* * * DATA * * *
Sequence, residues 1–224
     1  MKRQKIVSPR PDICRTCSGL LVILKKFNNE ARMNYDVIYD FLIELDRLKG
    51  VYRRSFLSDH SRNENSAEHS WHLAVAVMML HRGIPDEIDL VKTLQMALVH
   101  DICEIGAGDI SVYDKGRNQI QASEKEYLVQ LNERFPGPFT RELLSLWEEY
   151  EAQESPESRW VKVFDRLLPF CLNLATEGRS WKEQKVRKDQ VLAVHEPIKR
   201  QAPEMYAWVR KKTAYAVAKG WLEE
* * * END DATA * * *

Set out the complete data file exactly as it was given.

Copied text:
Sequence, residues 1–224
     1  MKRQKIVSPR PDICRTCSGL LVILKKFNNE ARMNYDVIYD FLIELDRLKG
    51  VYRRSFLSDH SRNENSAEHS WHLAVAVMML HRGIPDEIDL VKTLQMALVH
   101  DICEIGAGDI SVYDKGRNQI QASEKEYLVQ LNERFPGPFT RELLSLWEEY
   151  EAQESPESRW VKVFDRLLPF CLNLATEGRS WKEQKVRKDQ VLAVHEPIKR
   201  QAPEMYAWVR KKTAYAVAKG WLEE